The Power of Four: Leadership Lessons of Crazy Horse

The Power of Four: Leadership Lessons of Crazy Horse

What makes a good and true leader—brute power and force? The ability to persuade? Simply holding an influential position? Joseph M. Marshall III, the renowned author of the bestselling The Lakota Way, says no. Reminding us that those who hold public office are first and foremost politicians, and that corporate bigwigs serve the bottom line, Marshall presents us with a different idea of leadership, one drawn from his own Lakota Sioux culture. “True leadership,” he informs us, “is only possible when character is more important than authority.”
Marshall III draws inspiration from three names that have resonated powerfully throughout history to develop his unique concept of leadership: Sitting Bull, Red Cloud, and, especially Crazy Horse, whose fascinating life Marshall already chronicled in a biography that Publishers Weekly praised as “vivid and haunting.” Crazy Horse did not teach leadership; he simply demonstrated it, effectively and with compassion. Four factors stand out when looking at him as a leader, and they were the basis of his success:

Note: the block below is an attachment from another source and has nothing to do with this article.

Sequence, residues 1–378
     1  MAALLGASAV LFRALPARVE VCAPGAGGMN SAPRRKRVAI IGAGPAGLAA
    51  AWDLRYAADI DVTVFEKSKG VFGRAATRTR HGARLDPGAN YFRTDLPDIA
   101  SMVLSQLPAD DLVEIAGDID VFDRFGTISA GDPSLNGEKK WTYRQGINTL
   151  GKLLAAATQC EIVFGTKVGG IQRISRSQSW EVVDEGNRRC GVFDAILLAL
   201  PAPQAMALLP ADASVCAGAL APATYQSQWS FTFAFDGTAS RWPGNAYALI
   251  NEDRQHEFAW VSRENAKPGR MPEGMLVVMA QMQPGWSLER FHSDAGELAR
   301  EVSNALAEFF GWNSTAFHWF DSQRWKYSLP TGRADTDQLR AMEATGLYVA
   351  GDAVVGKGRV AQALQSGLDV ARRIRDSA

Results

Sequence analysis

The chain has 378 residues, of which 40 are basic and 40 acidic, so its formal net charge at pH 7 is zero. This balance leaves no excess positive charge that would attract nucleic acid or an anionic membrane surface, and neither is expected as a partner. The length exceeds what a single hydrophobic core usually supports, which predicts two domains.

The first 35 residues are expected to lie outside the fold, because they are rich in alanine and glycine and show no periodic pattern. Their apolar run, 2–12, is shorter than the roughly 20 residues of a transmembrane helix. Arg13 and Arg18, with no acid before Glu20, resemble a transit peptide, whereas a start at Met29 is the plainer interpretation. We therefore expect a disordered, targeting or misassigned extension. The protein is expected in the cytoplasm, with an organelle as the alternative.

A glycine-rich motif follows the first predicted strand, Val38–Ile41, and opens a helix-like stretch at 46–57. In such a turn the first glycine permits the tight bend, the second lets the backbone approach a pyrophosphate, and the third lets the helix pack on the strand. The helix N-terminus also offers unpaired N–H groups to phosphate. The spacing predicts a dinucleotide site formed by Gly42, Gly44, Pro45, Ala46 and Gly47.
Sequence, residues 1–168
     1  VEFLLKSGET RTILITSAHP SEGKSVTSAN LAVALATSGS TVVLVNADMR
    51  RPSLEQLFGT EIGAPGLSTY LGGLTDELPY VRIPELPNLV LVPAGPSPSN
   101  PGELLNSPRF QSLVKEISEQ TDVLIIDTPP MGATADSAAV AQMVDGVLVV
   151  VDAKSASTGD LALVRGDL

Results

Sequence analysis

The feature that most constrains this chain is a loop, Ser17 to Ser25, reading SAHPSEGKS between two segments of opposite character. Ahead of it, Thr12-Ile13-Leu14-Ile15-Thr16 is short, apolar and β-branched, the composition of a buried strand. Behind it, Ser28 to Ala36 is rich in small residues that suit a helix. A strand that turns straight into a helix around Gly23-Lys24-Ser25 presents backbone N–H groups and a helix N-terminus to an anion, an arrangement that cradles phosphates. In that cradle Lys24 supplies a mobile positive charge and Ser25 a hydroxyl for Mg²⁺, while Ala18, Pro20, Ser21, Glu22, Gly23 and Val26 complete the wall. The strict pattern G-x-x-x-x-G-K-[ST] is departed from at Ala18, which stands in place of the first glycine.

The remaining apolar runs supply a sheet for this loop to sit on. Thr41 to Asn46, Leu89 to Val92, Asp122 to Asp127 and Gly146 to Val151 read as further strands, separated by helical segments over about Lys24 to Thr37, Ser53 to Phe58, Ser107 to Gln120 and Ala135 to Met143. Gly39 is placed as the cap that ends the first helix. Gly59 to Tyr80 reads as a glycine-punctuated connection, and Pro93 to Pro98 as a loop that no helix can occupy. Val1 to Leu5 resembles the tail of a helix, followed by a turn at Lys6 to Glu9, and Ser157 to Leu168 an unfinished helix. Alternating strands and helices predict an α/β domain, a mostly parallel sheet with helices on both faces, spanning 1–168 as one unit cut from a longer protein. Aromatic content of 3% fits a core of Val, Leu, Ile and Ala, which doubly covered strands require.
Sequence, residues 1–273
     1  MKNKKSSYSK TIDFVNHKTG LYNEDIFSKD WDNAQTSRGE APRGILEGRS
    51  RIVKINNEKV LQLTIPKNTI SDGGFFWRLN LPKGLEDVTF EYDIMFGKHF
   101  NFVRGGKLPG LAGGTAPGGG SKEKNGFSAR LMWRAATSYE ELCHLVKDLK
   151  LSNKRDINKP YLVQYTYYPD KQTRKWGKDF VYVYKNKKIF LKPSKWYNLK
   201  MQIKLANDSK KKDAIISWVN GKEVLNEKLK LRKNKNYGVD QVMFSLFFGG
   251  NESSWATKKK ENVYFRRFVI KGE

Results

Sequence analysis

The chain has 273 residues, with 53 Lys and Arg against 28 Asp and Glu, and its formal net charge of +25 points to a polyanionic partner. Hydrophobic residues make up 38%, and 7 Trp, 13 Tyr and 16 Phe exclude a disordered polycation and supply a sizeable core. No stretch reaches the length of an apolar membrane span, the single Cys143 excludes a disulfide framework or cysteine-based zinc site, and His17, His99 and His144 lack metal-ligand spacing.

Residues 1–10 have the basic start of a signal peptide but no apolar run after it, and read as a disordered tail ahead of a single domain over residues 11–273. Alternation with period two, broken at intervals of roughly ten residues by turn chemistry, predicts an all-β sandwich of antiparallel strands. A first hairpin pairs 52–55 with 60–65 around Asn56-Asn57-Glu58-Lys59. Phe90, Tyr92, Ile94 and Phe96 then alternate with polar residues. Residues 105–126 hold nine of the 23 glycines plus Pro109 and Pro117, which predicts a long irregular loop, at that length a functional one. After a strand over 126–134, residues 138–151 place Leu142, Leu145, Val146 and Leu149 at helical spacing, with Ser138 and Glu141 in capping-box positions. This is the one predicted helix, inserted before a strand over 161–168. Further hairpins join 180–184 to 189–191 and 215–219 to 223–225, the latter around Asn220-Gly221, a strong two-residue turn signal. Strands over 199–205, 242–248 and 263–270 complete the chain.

Know yourself. Know your friends. Know the enemy. Lead the way.
 
The Power of Four shows how and why these maxims—and this Native American philosophy of leadership—is not only applicable to today’s world, but desperately needed: why leadership by example is more powerful than authority; and why the selection of leaders also becomes one way of controlling those very same leaders. Marshall will open readers’ eyes and help them discover how to apply a new set of principles and actions to their own lives.

 

Details

  • Hardcover: 176 pages
  • Publisher: Sterling; 1 edition (January 6, 2009)
  • Language: English
  • ISBN-10: 1402748817
  • ISBN-13: 978-1402748813
  • Product Dimensions: 7.2 x 5.3 x 0.9 inches
  • Shipping Weight: 9.6 ounces
  • Average Customer Review: 4.8 out of 5 stars See all reviews (22 customer reviews)
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8 comments

  1. I love this small book of four powerful leadership teachings. While “Leadership Lessons of Crazy Horse” may seem, initially, as less than appropriate, read on. Yes, Crazy Horse was one of the Indian military leaders that helped defeat Custer at Little Bighorn in 1876. But he was also an “inspirational and effective leader.” What is surprising is that his lessons are just as useful today. The author does a masterful job of using Crazy Horse’s examples and stories from Native Americans to illustrate his points.

    Lesson One: Know Yourself
    Knowing his strengths and weaknesses helped Crazy Horse be an effective leader. One of his strongest assets was being steady under pressure, and this steadiness developed after years of assuming responsibility for his tribe. What is amazing is that he only lived into his mid-thirties and he was a tribal leader for more than 15 of those years.

    Lesson Two: Know Your Friends